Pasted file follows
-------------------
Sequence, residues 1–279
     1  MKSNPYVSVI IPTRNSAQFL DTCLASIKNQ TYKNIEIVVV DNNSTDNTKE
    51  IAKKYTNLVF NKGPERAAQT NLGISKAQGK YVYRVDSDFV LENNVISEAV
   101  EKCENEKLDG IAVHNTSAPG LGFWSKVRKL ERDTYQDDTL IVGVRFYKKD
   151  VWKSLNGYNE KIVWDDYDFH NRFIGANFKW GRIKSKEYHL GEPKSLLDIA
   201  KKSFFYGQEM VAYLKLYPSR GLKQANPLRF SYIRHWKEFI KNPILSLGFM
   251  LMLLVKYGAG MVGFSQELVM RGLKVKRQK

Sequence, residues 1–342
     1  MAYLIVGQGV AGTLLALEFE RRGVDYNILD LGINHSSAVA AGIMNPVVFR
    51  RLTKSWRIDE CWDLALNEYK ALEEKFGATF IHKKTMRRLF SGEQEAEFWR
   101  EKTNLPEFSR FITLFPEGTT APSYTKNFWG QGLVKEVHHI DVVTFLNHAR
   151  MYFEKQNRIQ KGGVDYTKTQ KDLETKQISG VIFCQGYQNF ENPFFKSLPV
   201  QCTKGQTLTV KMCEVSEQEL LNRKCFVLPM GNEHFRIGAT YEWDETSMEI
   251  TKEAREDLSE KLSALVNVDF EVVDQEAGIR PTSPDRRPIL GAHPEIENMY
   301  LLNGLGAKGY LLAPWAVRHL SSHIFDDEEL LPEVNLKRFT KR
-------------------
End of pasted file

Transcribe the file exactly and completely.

Sequence, residues 1–279
     1  MKSNPYVSVI IPTRNSAQFL DTCLASIKNQ TYKNIEIVVV DNNSTDNTKE
    51  IAKKYTNLVF NKGPERAAQT NLGISKAQGK YVYRVDSDFV LENNVISEAV
   101  EKCENEKLDG IAVHNTSAPG LGFWSKVRKL ERDTYQDDTL IVGVRFYKKD
   151  VWKSLNGYNE KIVWDDYDFH NRFIGANFKW GRIKSKEYHL GEPKSLLDIA
   201  KKSFFYGQEM VAYLKLYPSR GLKQANPLRF SYIRHWKEFI KNPILSLGFM
   251  LMLLVKYGAG MVGFSQELVM RGLKVKRQK

Sequence, residues 1–342
     1  MAYLIVGQGV AGTLLALEFE RRGVDYNILD LGINHSSAVA AGIMNPVVFR
    51  RLTKSWRIDE CWDLALNEYK ALEEKFGATF IHKKTMRRLF SGEQEAEFWR
   101  EKTNLPEFSR FITLFPEGTT APSYTKNFWG QGLVKEVHHI DVVTFLNHAR
   151  MYFEKQNRIQ KGGVDYTKTQ KDLETKQISG VIFCQGYQNF ENPFFKSLPV
   201  QCTKGQTLTV KMCEVSEQEL LNRKCFVLPM GNEHFRIGAT YEWDETSMEI
   251  TKEAREDLSE KLSALVNVDF EVVDQEAGIR PTSPDRRPIL GAHPEIENMY
   301  LLNGLGAKGY LLAPWAVRHL SSHIFDDEEL LPEVNLKRFT KR